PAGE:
Check Point Reveals black rose lucy Ransomware Attack
Smartphone Ransomware, Black Rose Lucy With No Payments Involving Crypto Resurfaced
April 29, 2020
Check Point Reveals black rose lucy Ransomware Attack
Smartphone Ransomware, Black Rose Lucy With No Payments Involving Crypto Resurfaced
April 29, 2020

A recent research report from Check Point Research, the leading cybersecurity firm, has revealed a ransomware attack, where cyber criminals pose as the FBI to demand victims pay their “fine” by credit card.

On April 28, it has been reported that the malware, known as “Black Rose Lucy,” is unusual, since there are no ransom payments involving cryptocurrencies like Bitcoins and it affects users of mobile devices with Android as an operating system. Distribution of the malware is social based, researchers said, where targets are enticed to download a video player booby-trapped with the Lucy dropper.

The malware family, operated by the Lucy Gang, encrypts targeted Android devices and delivers a spoofed FBI message. The ransom note claims the phone’s user has visited “forbidden pornographic sites” on their phone and that a “snapshot” of their face was uploaded to the agency. Pay $500 and the problem goes away, according to Check Point security researchers.

ALSO READ :  Blockchain Service Network Introduces Another Batch Of Major Blockchain Protocols

However, Check Point had already traced the beginnings of the malware back in September 2018, originating in Russia as a “Malware-as-a-Service” (MaaS) botnet, as it took the form of ransomware to make various changes to the device and install malicious applications.

As per report, Check Point Research found that the malicious script now hosts additional features, such as its ransomware component, the ability to take control of the victim’s devices, and the capability to install other malicious applications.

The ransom note Black Rose Lucy uses
The ransom note Black Rose Lucy uses

Also, the message states that the details of the targeted user have been uploaded to the FBI Cyber Crime Department’s Data Center and lists a series of bogus charges brought against them.

Brett Callow, the Threat Analyst at Emsisoft, said that he does not believe that mobile platforms are a target for serious ransomware groups.

He added:

“It’s simply not where the money is at. While an attack on corporate endpoints and servers can bring a company to a standstill and enable the criminals to extort a significant ransom, the same cannot be said for an attack on mobile devices.”

Also, Callow stated:

ALSO READ :  'Believers Reward Offering' Is The First Sustainable Alternative To ICOs And STOs

“The fact that these low-level sextortion scammers are seemingly transacting via credit card rather than Bitcoin is unusual but not a particularly significant development. I certainly wouldn’t expect to see any of the real ransomware groups adopting the strategy.”

However, Check Point says that Black Rose Lucy uses an “ingenious” method to circumvent Android security by displaying a message asking the user to activate real-time video optimization. The cybercriminals, as a next step, induce the victim to give malware permission to use the accessibility function in Android.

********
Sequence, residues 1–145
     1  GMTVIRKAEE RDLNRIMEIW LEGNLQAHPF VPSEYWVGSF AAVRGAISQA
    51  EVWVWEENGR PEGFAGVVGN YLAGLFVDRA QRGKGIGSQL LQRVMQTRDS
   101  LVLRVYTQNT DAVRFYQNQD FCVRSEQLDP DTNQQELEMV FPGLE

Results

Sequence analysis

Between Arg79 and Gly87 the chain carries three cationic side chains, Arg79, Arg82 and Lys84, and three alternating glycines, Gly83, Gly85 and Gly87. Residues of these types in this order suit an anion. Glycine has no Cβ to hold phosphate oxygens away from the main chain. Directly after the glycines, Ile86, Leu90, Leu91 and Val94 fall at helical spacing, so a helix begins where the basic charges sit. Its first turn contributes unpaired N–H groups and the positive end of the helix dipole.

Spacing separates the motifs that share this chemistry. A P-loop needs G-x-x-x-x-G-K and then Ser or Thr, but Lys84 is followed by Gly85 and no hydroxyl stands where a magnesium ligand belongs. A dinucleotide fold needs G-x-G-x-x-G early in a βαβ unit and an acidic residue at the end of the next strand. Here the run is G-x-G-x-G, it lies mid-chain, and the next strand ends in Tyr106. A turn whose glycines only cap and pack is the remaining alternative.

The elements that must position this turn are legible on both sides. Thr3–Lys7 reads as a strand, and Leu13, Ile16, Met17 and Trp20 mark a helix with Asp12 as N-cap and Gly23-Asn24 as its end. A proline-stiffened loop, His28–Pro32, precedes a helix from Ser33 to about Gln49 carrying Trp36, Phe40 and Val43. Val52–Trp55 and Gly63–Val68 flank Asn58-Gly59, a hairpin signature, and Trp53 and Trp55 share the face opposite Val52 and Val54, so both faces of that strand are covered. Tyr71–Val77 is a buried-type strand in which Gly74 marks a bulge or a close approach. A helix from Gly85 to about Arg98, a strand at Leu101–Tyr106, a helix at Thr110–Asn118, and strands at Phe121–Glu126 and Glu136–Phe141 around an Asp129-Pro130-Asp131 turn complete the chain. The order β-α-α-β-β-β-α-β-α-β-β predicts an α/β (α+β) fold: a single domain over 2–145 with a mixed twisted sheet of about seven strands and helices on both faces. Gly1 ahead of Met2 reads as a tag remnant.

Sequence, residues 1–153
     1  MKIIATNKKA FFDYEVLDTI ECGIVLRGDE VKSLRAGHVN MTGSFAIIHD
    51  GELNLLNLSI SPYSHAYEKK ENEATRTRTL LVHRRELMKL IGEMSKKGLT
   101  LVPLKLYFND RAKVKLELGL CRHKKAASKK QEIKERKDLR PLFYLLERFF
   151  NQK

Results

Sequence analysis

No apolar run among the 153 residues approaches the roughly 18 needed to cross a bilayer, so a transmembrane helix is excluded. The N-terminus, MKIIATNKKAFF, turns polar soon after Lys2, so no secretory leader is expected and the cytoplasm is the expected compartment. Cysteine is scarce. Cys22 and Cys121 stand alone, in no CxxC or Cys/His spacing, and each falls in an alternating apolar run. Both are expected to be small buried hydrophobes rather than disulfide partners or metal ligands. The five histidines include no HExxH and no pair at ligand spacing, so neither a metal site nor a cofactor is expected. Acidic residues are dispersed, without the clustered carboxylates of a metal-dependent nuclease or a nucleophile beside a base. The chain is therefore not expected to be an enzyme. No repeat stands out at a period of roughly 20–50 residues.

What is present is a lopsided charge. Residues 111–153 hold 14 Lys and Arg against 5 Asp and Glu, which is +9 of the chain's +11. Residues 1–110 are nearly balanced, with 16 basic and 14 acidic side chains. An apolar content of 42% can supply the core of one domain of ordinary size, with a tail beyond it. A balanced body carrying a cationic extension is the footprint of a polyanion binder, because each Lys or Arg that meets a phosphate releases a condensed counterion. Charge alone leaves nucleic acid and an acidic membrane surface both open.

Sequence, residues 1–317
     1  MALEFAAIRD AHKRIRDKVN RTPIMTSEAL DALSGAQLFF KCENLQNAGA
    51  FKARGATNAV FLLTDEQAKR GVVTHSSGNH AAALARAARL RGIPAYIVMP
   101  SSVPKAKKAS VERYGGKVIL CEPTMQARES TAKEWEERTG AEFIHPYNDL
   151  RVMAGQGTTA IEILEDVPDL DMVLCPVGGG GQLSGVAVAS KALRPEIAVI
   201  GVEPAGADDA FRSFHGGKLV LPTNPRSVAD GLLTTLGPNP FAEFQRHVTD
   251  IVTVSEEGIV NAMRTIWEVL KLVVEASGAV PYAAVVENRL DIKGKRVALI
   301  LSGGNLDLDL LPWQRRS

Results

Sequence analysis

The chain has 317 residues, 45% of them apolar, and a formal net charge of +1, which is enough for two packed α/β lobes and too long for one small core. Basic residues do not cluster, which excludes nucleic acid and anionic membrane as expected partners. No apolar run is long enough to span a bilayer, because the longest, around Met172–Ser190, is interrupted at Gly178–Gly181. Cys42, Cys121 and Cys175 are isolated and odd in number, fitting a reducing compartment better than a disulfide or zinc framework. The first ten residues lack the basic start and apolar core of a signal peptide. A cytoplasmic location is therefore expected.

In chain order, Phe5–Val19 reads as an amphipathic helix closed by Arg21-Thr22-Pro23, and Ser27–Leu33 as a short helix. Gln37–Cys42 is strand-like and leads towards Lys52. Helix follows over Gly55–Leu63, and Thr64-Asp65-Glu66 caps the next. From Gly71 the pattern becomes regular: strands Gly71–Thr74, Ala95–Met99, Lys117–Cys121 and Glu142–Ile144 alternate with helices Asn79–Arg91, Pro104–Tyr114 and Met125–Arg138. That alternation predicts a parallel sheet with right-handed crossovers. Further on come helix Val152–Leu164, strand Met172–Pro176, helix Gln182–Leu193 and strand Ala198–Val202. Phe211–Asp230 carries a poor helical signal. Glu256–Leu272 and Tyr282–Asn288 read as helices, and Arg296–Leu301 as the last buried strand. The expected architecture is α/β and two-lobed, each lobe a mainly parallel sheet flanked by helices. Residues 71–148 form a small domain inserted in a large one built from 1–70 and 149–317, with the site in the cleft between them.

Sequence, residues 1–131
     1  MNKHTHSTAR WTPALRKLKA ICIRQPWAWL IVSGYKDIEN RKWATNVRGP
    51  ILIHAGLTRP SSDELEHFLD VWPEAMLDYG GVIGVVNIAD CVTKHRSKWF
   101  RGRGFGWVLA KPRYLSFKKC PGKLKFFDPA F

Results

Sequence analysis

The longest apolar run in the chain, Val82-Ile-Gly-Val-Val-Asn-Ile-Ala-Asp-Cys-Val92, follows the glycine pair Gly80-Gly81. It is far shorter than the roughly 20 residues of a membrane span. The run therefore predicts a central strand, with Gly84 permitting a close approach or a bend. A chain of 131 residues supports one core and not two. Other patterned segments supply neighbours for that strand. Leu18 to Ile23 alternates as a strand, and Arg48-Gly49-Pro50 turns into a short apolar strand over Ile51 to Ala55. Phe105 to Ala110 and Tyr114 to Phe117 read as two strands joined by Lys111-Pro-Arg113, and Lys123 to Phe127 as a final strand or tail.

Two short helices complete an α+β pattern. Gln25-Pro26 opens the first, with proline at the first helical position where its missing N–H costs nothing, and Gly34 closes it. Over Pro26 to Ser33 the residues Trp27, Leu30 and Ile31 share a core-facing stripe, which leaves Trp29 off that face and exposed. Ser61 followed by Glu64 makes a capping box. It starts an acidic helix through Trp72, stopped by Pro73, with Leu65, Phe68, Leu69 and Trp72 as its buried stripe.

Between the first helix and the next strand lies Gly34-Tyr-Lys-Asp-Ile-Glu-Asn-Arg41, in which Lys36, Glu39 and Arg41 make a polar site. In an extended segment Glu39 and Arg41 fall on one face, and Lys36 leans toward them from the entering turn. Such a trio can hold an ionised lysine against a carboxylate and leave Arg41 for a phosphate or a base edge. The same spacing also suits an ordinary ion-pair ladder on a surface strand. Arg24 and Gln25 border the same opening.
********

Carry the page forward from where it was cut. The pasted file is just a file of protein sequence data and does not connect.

Researchers stated that the incidents of mobile malware are becoming more common and growing more sophisticated day by day. Sooner or later, the mobile world will experience a major destructive ransomware attack. For a technical understanding of how the new Black Rose Lucy works, you can check the researchers’ notes uploaded to their blog here.


Source: Check Point Research (blog) | Cointelegraph


Disclaimer

Crypto News Point a news platform of Digital Notice Media Labs is primarily a regular publication of information, commentary and articles focused extensively on fintech, blockchain technology, cryptocurrency, blockchain-based tokens, cryptocurrency market trends, and trading strategies. We do not provide individually tailored investment advice and does not take a subscriber’s or anyone’s circumstances into consideration when discussing investments, nor is Crypto News Point registered as an investment adviser or broker-dealer in any jurisdiction. Information contained herein is not an offer or solicitation to buy, hold, or sell any digital assets.

Affiliate Disclosure: To help support the work we do here at CNP, we often link to products and deals from around the web. Should you buy some of these, we may get a portion of the sale.

We in generally gather content from the major websites. In every article there is always a clear link and attribution to the source publication. If you have any issue with any of our published content taken from your site, kindly let us know so that we can take appropriate action. In any case, the content of the pages of this website is for your general information and use only. It is subject to change without notice.

You May Also like

Colombian Stock Exchange Joins Consorcio Colibrí

Colombian Stock Exchange Joins Consorcio Colibrí

The Colombian Stock Exchange (CSE) has announced that it is joining the Consorcio Colibrí, a private initiative that promotes the adoption of blockchain technology within the finance industry. It has been reported that...

Ishita Bora

Ishita Bora is a Senior Content Creator at Digital Notice Media Labs with an experience of 1 year. She has completed her Master's Degree in Language and Linguistics in 2019 from Gauhati University, India. Her interest lies in blockchain technology and cryptocurrency space, as she loves writing about blockchain and other blockchain-related articles. Currently, she is working on blockchain-based news, reviews, featured articles, and guides.